Read out Almost three dozen Jupiter-like planets discovered. The bloated gas giants come dangerously close to their stars and have exotic properties. The discovery of life-friendly worlds is only a matter of time. Before David Latham talks about other worlds, he goes shopping first. And plenty of it. "I spent 28 dollars and 83 cents earlier, " the astronomer at the Harvard-Smithsonian Center for Astrophysics in Cambridge, Massachusetts, begins a lecture at a science congress in Washington, DC, and removes his grocery bag in front of the audience.

"That's the sun, " he says and blows up a bright red giant balloon, "1.4 meters in diameter, one billion times smaller. On this scale, our earth does not make a big impression. "Latham holds up a pea:" 1.2 centimeters, I've measured it. Our moon and the planet Mercury, on the other hand, are three millimeters of peppercorns. "The astronomer places two of them on the overhead projector. "Jupiter and Saturn are oranges or apples."

But Latham did not come to play with fruit, but to talk about questions that human fantasy has been dealing with for millennia: are there planets in other stars as well? Could they harbor life? Is there a second earth somewhere in the immensity of space?

"The good news is that there is now compelling evidence for the existence of planets in other stars, " Latham explains, projecting a chart onto the canvas with nearly three dozen discoveries. "The bad news: none of the worlds resembles our earth. None has a solid surface and water necessary for life as we know it. "Ad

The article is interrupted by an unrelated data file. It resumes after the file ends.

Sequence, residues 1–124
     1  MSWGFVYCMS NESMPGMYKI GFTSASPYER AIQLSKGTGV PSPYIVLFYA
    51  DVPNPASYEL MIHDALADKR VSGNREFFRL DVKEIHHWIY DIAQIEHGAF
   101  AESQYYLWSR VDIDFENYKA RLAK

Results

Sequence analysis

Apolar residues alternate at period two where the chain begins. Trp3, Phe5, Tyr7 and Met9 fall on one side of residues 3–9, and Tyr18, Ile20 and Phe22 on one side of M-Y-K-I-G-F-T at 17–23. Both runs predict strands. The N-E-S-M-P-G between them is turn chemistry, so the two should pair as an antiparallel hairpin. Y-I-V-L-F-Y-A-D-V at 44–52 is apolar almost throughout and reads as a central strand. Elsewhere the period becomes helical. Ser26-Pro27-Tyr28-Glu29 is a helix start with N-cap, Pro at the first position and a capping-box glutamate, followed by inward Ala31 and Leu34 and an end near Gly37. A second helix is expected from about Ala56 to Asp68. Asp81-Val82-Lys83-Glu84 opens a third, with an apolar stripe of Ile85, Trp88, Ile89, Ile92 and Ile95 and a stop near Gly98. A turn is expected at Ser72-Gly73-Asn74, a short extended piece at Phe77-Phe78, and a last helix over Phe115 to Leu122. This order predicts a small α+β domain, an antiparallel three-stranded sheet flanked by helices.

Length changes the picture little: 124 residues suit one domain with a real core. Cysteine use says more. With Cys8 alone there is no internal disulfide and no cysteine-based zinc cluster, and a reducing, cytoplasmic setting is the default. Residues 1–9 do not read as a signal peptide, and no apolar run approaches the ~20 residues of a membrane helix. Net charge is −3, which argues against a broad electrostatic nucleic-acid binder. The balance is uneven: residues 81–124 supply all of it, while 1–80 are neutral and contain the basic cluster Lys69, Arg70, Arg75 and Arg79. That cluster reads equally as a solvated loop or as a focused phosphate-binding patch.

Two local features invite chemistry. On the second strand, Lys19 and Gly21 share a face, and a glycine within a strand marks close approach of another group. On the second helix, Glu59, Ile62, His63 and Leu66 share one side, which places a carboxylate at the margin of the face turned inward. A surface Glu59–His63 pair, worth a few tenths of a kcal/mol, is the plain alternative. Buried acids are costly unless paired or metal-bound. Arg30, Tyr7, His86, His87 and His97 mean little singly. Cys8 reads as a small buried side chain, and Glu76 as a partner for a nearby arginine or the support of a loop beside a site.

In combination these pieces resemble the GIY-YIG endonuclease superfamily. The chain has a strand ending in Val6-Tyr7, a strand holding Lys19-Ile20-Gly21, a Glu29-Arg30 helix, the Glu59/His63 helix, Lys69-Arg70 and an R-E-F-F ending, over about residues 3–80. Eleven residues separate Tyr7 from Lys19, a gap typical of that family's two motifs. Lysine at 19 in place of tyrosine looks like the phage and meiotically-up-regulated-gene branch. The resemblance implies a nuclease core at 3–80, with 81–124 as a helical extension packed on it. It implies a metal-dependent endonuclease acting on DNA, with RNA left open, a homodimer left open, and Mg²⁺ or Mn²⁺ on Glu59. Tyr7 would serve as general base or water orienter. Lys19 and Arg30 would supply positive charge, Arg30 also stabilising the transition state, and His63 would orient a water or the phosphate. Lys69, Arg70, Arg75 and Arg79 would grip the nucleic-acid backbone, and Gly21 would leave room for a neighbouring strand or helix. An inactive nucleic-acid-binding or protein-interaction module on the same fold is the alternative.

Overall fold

Almost all known extrasolar planets have been discovered by the subtle traces they leave in the spectrum of their star. With this method succeeded Michel Mayor and Didier Queloz of the Observatory of Geneva in 1995 for the first time the detection of another planet in a sun-like star - at 50 light years away 51 Pegasi (bild der wissenschaft 5/1996, "Departure to foreign planet").

The astronomers are now in regularity always new discoveries known. "So far, we have only tracked down a few percent of the observed stars, " says Latham. "But the selection effect is huge: Our methods currently only allow the detection of very heavy bodies in close proximity to their home star, while others are systematically escaping."

Exactly exotic are the newly discovered planets: Most of the celestial bodies weigh more than Jupiter and are very hot: temperatures above 1000 degrees Celsius are the rule. Astronomers have already established a terminus technicus for these hellish worlds: Hot Jupiter. The discovery of an Earth-like planet will take a while to come.

But the search for a second earth has just begun. It will be several years before the technical possibilities have been developed. With the next and next but one generation of space telescopes, the planet hunters want to detect and even photograph earth-sized celestial bodies at other stars. "The discoveries of recent years have opened a new window to the universe, " says Stephen Lubow of the Space Telescope Science Institute in Baltimore. Now it's important to look out for what's out there. "We will probably have many surprises that will force us to rethink, " says Alan P. Boss of the Carnegie Institution in Washington.

=== Rüdiger Vaas


Recommended Editor'S Choice